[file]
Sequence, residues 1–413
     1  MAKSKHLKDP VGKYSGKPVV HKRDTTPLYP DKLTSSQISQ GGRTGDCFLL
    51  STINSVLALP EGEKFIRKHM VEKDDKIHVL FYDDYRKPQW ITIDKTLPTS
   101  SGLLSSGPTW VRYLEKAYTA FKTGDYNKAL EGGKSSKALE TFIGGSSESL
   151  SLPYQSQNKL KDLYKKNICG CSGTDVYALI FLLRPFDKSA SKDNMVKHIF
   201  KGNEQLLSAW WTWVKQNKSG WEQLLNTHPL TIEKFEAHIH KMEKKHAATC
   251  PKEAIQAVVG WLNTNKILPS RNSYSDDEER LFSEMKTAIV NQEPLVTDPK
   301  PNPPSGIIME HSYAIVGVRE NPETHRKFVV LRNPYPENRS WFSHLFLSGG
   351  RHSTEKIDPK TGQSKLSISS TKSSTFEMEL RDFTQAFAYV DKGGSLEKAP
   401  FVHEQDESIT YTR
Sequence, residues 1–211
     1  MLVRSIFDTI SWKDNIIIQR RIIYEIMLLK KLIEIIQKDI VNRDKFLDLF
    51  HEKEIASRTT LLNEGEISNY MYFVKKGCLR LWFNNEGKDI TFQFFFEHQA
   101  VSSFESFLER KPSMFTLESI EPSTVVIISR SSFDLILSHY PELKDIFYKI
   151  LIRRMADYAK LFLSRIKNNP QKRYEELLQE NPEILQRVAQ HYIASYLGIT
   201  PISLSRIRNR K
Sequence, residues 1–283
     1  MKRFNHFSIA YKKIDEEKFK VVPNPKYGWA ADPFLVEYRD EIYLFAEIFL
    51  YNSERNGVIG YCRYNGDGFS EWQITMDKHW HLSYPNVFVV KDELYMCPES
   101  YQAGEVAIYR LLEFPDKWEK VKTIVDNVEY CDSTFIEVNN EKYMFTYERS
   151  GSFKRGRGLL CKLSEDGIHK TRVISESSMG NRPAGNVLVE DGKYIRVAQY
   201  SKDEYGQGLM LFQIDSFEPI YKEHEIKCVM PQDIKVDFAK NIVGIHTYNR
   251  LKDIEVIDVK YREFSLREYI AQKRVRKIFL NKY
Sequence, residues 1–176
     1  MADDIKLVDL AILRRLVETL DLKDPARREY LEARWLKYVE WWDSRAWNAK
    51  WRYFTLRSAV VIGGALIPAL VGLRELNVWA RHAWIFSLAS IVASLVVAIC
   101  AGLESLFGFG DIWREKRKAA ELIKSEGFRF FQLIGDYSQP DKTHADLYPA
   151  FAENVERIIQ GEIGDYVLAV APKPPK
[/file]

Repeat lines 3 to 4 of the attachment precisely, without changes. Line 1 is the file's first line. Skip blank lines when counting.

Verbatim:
    51  STINSVLALP EGEKFIRKHM VEKDDKIHVL FYDDYRKPQW ITIDKTLPTS
   101  SGLLSSGPTW VRYLEKAYTA FKTGDYNKAL EGGKSSKALE TFIGGSSESL